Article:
Monads, Promises,


Reactive Metaprogramming!

May 15 2014, Verona

Massimiliano Mantione

(Hyperfair CTO)

Stop the buzzwords

Honestly, I fear will not see
a lot of new things in this talk

However, I hope to inspire you new ideas
on how code can be written

Who fears
callback hell?

This talk is mostly about async programming

(the other half is about metaprogramming)

We all know async is hard in "pure" Javascript

Do we?

Let's see...

Think differently

The easiest way make an API asynchronous
is to get a callback as argument

But this matters nothing!

We think that the problem is the nesting of callbacks...

But it is the nesting of callbacks!


Did you know...

That also synchronous code can suffer from nesting?


The root of the problem

Nested expressions are unreadable

A nested expression is a complex one

A complex expression is a deep tree

Usually what we want is a single path in the tree!

Be pragmatic

Parenthesis must be nested

Representing tree levels with parenthesis produces nesting

A single tree path is like a linked chain

Binary, left-associative infix operators can be chained

The "." operator links very versatile entities
(objects and properties)

Let's think...

Remember: the "." operator links very versatile entities
(objects and properties)

Let's build objects that represent the steps in the chain!

Every object will have a method that returns the next step in the chain...

Enter the

Flowing API!


This usually works well, but...

Is there a





Let's see how the language
can help us
"straightening" trees

Sounds scary?

It is: write the wrong macro and your code will become an unreadable mess

With great power comes great responsibility

Macros give you superpowers

Would you really give up superpowers
because you don't want the responsibility?

Let's revisit callback hell


Monadic sequencing

Does anybody understand monads?


Neither do I!

Please watch the talk
"Monads and Gonads"
by Douglas Crockford

Monads for dummies

Suppose you want to compute result r from value v applying functions f1, f2 and f3

r = f3 (f2 (f1 (v)));

(note the nesting)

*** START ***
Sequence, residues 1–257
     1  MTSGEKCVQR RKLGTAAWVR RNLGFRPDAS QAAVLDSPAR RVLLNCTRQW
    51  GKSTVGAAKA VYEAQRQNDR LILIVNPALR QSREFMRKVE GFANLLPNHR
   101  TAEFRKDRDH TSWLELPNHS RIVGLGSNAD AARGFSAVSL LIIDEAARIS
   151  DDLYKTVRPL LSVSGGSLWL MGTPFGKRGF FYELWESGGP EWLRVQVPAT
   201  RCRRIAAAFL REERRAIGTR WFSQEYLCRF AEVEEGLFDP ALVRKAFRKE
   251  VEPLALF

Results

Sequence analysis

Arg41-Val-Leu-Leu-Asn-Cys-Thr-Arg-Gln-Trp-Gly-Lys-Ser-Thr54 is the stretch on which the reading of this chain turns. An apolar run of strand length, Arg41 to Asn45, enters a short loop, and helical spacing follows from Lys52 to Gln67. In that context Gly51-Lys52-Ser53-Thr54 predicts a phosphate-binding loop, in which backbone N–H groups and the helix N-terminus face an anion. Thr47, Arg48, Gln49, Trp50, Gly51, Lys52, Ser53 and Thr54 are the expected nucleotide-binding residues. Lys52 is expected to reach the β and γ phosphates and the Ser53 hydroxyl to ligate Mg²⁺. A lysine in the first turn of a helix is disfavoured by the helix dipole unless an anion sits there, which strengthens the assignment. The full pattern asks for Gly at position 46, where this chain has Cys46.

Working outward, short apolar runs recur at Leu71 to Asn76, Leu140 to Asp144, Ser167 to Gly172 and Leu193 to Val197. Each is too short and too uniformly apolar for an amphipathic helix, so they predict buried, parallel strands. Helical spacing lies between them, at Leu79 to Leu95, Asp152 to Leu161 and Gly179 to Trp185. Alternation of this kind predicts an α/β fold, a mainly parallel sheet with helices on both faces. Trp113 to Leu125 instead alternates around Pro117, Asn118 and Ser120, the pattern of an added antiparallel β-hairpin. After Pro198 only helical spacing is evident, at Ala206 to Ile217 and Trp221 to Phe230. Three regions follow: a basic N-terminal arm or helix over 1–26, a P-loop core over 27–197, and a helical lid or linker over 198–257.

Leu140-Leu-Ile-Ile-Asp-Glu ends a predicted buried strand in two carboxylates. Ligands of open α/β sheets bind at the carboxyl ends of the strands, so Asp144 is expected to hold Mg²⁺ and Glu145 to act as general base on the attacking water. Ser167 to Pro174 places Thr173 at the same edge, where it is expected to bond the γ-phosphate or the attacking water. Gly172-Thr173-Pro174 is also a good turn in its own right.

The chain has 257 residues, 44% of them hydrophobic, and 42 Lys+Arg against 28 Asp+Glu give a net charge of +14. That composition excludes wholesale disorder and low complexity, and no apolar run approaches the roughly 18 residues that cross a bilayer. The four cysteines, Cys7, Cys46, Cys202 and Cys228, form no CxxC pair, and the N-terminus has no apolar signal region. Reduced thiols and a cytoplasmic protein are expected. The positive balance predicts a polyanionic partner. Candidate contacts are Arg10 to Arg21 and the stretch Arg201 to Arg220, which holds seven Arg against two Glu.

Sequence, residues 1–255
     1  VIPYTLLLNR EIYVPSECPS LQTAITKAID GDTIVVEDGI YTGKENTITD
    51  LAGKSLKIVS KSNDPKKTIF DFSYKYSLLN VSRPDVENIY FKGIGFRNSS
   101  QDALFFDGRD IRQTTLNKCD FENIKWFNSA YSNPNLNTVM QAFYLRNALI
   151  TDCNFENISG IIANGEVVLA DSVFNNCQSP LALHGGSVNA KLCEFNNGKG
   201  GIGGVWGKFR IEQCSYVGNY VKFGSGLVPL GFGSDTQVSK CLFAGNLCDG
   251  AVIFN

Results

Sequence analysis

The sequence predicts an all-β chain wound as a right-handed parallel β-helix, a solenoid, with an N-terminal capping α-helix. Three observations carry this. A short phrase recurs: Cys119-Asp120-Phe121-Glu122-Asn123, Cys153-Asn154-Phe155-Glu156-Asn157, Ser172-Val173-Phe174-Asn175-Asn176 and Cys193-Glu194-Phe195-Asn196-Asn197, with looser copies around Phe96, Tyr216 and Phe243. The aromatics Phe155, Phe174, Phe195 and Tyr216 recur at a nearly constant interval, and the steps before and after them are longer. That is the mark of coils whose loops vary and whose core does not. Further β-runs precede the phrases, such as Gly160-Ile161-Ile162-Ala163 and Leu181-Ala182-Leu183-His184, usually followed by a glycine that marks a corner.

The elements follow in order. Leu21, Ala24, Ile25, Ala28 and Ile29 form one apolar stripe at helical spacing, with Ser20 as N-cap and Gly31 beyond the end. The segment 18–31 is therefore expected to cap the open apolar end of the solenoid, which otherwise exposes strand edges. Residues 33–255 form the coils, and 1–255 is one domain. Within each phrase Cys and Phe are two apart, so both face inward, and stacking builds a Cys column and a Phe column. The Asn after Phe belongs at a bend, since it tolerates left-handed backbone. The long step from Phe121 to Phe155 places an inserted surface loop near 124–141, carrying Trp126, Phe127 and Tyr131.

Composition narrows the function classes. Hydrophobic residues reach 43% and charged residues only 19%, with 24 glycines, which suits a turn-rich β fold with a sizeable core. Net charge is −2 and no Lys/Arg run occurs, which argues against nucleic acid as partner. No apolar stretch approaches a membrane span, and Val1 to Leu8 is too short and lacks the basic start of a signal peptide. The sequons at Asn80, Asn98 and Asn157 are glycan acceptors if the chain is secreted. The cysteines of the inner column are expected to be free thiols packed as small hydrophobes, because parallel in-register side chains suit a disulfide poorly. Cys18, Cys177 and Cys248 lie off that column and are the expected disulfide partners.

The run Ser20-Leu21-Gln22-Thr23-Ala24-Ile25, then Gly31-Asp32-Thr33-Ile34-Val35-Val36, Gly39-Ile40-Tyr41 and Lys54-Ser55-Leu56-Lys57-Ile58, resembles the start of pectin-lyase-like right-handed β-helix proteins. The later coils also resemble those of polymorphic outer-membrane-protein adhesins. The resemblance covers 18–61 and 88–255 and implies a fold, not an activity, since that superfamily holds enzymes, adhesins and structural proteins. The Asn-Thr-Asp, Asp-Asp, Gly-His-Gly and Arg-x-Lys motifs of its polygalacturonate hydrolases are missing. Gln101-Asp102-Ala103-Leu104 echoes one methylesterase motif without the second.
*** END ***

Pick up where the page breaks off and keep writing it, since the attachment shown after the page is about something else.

You could represent the intermediate values explicitly:
v1 and v2

v1 = f1 (v);
v2 = f2 (v1);
r  = f3 (v2);

(note: no nesting!)

But lots of clutter...

Monads for dummies

You could build a flowing API...

r = v.f1().f2().f3();

...or you could have a "monadic sequencing" notation:

r = on v do

(note: this is not Javascript)

Monads for dummies

Monads are objecs that encapsulate a function

Actually, they represent the (future?) result of applying that function

They can be linked to other monads, which represent the input and result of the function...

Does this ring a bell?


Go async with promises

Remember that each step in the chain represents an intermediate value


What about failure?

Let's add something to our previous example


What does the final fail invocation add?

The expression is a list,
but what about the flow of values?

Nonlinear graphs!

This is the graph of intermediate values:

// directoryName --------\
//       |               |
// listFiles ------------+
//       |               |
// readFiles ------------+
//       |               |
// resizeImages ---------+
//       |               |
// writeFiles        handleError

As you can see, this is not a simple chain of values!

However, it can be represented as a list
because of a "try-catch" trick

What about


An observable can do one of three things:

  • Produce values: onNext
  • Terminate: onCompleted
  • Fail: onError

The rx.js graph

// observable -----+----------\
//     |           |          |
//   filter -------+----------+
//     |           |          |
//  throttle ------+----------+
//     |           |          |
//    map ---------+----------+
//     |           |          |
//   onNext   onCompleted  onError

Like a monad, with three functions...

Rx.Js is different

It adds some real value over promises

Promises frameworks lack the comprehensive set of operations on flowing values that Rx.Js has

Moreover, promises can fire only once, while observables are more like node.js streams

Of course, ES6 and ES7 will support Promises and not Rx.Js

Let's look at some code!

Final thoughts

The problem is the nesting and not the callbacks

(a verbose syntax is annoying anyway)

Promises give you linear code, but they require a global API conversion

A smarter language can give you linear code with any API
(Promises, Rx.Js, or plain callbacks)

Other techniques

Rx.Js adds real value, but will it ever be supported by Javascript?
(think async in ES7)

Don't forget generators and coroutines!

But... when will we have
migratable coroutines?

That's All, Folks


is waiting for you!

code, docs and slides are on github

twitter: @M_a_s_s_i, #metascript


Thanks for following!